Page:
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Hepatitis A

Information on the Hepatitis A Outbreak in Michigan

This website contains information for the general public, food service workers, first responders, healthcare providers/workers and local health departments.

Frequently Asked Questions

Walk-In Immunization Clinic Schedule




General Information / Information for Individuals and Families

Community Partners

Food Establishments

Medical Providers

Disease/General Information for Providers:


Vaccination/Post-Exposure Prophylaxis:


Manufacturers of Hepatitis A Vaccine:


Press Release/Media



How is Hepatitis A spread?

Hepatitis A is usually spread when the Hepatitis A virus from an infected person’s feces (or stool, poop) gets into someone else’s mouth. This often happens when the infected person’s feces comes into contact with objects, food, or drinks. Most frequently, Hepatitis A is passed between people that spend a lot of time together, such as those that live together, share drugs, have sex, or someone that provides care to someone at risk. In the current outbreak in Southeast Michigan and other areas of Michigan, at least half of the cases appear to be linked to illicit drug use.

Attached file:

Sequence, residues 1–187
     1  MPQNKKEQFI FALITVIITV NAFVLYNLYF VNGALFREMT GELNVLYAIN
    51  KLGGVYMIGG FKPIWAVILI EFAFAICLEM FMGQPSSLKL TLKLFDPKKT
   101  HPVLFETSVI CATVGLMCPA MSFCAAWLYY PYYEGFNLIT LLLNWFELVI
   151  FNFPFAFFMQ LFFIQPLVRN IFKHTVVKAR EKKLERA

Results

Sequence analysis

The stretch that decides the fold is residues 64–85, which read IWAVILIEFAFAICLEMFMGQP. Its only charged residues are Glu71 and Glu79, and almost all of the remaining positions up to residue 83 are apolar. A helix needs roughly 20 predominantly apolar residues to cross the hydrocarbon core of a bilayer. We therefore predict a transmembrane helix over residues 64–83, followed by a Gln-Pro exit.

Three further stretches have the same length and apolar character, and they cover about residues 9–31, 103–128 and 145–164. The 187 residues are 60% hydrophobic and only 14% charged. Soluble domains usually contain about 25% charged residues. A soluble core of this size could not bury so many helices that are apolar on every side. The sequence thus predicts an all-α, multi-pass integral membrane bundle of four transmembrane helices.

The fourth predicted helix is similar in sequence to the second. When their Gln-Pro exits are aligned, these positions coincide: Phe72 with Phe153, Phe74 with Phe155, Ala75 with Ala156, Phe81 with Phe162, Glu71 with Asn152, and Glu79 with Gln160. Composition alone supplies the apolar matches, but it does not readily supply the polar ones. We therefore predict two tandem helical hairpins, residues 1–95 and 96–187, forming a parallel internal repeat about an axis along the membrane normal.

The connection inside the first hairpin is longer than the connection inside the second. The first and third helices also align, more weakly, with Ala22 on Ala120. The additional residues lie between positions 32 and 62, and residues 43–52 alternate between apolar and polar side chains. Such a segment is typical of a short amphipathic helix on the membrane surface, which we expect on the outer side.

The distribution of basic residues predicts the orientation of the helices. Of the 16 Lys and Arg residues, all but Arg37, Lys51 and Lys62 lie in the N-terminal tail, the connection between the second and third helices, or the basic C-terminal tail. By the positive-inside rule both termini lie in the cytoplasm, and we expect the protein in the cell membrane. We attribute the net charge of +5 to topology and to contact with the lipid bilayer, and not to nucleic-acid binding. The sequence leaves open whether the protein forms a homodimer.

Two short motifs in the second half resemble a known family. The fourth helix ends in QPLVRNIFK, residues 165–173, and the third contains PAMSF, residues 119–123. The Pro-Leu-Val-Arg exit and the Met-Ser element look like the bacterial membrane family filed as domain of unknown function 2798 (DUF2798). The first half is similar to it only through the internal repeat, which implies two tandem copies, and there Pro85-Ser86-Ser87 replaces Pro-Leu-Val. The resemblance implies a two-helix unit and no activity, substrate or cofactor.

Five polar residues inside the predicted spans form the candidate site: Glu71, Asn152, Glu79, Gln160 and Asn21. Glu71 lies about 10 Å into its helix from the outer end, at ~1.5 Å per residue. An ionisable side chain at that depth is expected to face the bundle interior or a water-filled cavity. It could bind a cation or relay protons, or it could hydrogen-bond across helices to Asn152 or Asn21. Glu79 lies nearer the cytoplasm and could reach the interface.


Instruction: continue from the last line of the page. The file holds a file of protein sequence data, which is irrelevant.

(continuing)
Risks for Hepatitis A during this outbreak include:

  • Injecting drugs or using street drugs (including pain killers)

  • Going to jail

  • Paying for sex or trading sex for money or drugs

  • Being homeless or having an unstable living situation

  • Men that have sex with men


​Anyone with these risk factors, or living with someone with one of these risk factors, should get vaccinated for hepatitis A.

​How do you prevent Hepatitis A?

Handwashing is one of the best ways to reduce your risk of getting hepatitis A. Hepatitis A is spread by the fecal-oral route, which means you can get ill if you eat, drink, or touch your mouth with any food, drink, object, or your hands that may have been in contact with stool (feces) from someone infected with hepatitis A. Washing your hands thoroughly after using the bathroom and before handling or eating food can help prevent this.


Getting vaccinated for hepatitis A is also extremely effective. Anyone with the risk factors listed above or those that have regular, close contact to people with those risk factors, should get vaccinated. It is also being recommended that food handlers with one or more of the above risk factors and food handlers in outbreak areas as well as healthcare workers caring for patients in the outbreak areas get vaccinated.